Title I, Part A (Title I) of the Elementary and Secondary Education Act, as amended by the Every Student Succeeds Act (ESEA) provides financial assistance to local educational agencies for children from low-income families to help ensure that all children meet challenging state academic standards.
The majority of Title I funds are allocated at the district level in all states, plus the District of Columbia and Puerto Rico, based on mathematical formulas involving the number of children eligible for Title I support and the state per pupil cost of education.1
Title I funds are currently allocated through four grants. While mathematical formulas for all four grants are fundamentally based on the count of formula-eligible children and several shared provisions, each grant has a unique, complex series of algorithms for determining allocations for that grant.
Basic Grants are the largest component of Title I funding ($6.4 billion in fiscal year 2015 [FY 15]). Concentration Grants, the smallest of the four grants ($1.3 billion in FY 15), are available to districts in which the number of formula-eligible children exceeds 6,500 or 15 percent of the district’s 5- to 17-year-old population. Targeted Grants ($3.3 billion in FY 15) are allocated to districts according to a student weighting system benefiting districts with high numbers or percentages of formula-eligible children.Education Finance Incentive Grants (EFIG) ($3.3 billion in FY 15) are allocated to states to provide districts with additional funding for low-income and disadvantaged children; the exact amount varies depending on measures of state effort and equity in funding public education.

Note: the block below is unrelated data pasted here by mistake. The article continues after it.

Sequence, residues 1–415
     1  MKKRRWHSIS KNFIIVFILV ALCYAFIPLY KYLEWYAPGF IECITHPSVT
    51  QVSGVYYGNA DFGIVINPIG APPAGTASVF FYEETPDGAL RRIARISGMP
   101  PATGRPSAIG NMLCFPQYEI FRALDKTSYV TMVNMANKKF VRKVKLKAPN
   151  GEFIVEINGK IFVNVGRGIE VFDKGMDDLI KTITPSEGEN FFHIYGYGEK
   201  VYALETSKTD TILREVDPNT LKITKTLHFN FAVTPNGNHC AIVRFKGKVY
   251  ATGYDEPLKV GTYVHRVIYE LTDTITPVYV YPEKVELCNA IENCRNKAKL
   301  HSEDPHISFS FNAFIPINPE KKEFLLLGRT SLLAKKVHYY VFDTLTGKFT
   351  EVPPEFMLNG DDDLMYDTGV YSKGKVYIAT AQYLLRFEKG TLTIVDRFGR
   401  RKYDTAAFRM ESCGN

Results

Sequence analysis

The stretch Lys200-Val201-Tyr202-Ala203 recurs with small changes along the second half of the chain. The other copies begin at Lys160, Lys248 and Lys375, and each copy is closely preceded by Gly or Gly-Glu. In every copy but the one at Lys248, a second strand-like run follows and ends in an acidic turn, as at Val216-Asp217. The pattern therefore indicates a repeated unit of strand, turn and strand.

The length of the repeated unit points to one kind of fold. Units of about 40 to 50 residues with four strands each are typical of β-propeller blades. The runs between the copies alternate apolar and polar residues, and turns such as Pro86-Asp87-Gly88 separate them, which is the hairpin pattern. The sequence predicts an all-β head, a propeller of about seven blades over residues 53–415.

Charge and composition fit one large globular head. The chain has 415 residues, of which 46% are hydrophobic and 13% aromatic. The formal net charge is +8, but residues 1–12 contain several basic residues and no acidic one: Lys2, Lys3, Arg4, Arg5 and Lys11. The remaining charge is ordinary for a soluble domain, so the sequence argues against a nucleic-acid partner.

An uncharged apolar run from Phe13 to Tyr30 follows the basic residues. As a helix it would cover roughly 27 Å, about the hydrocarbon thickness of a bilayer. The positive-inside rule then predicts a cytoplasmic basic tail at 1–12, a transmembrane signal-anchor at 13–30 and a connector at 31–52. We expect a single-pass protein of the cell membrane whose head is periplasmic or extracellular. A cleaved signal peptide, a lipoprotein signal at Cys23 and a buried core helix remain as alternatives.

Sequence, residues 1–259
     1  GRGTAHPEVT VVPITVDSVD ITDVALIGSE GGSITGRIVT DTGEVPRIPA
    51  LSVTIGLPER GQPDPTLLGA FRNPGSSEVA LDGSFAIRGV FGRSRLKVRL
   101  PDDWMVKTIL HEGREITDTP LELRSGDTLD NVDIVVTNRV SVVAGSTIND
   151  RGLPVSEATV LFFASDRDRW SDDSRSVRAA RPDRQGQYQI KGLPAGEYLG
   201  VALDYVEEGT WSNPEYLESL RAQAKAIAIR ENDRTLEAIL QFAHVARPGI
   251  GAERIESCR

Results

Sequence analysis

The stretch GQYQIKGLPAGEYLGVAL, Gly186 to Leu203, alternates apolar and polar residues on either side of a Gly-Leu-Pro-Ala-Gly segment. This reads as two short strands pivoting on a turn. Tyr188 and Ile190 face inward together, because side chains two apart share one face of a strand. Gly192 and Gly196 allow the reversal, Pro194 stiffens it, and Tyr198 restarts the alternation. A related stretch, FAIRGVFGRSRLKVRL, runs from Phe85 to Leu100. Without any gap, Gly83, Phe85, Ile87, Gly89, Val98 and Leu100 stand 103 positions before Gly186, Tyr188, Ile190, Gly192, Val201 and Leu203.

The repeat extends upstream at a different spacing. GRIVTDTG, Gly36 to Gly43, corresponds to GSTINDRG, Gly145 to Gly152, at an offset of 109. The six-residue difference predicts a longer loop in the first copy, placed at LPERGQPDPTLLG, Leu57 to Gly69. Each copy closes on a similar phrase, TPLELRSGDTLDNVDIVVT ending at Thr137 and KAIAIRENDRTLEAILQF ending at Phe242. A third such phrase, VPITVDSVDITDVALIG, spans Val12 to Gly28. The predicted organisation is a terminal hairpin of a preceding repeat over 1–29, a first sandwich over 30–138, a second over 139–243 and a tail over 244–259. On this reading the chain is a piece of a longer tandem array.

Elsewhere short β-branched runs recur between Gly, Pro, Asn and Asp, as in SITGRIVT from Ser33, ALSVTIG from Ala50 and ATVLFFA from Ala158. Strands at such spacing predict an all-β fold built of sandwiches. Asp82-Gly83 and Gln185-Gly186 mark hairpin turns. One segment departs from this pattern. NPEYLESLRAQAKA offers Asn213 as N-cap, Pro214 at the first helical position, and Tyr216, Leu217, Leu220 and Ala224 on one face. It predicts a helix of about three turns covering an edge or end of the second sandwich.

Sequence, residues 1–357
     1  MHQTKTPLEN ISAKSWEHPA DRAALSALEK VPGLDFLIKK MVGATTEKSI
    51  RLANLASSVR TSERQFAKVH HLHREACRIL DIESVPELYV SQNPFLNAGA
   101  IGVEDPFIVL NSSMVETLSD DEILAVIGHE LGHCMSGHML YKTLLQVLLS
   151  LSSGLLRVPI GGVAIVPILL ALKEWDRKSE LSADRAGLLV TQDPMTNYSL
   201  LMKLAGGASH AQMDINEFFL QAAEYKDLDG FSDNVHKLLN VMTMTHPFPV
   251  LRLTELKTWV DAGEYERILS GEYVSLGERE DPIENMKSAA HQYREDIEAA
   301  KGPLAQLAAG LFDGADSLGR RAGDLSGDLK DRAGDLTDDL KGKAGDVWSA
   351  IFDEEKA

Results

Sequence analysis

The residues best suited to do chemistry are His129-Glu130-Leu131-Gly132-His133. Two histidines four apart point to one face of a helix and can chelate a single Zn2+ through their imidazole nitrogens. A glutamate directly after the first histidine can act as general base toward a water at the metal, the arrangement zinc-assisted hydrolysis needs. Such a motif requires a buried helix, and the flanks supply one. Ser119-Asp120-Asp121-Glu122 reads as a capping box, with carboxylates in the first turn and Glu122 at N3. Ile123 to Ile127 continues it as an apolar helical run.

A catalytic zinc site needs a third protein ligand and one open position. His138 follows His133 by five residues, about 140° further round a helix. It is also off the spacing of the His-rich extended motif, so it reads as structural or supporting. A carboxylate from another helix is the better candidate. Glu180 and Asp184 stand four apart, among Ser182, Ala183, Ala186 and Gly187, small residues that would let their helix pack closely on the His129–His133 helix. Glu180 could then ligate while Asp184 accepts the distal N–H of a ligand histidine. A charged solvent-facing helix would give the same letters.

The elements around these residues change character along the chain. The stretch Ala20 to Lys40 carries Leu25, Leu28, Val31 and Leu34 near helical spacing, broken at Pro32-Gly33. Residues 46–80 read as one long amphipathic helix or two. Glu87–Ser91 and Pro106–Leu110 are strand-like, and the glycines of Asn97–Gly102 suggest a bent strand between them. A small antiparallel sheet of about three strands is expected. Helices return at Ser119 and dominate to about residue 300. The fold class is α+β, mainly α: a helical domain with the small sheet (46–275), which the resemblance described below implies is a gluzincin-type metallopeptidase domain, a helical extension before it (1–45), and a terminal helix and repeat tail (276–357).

The total Title I allocations per formula-eligible child varied among the 12 National Center for Education Statistics (NCES) geographic locales, which were based on a district’s population and proximity to an urbanized area. The locales with the highest total Title I final allocations per formula-eligible child were the most densely and least densely populated areas: large cities ($1,466) and remote rural areas ($1,313). Districts in fringe rural areas ($1,070), fringe towns ($1,088), and small suburban areas ($1,102) had the lowest total Title I final allocations per formula-eligible child.
Title 1 is the largest federal aid program for public schools in the United States.
Parental involvement is a crucial factor of Title 1.
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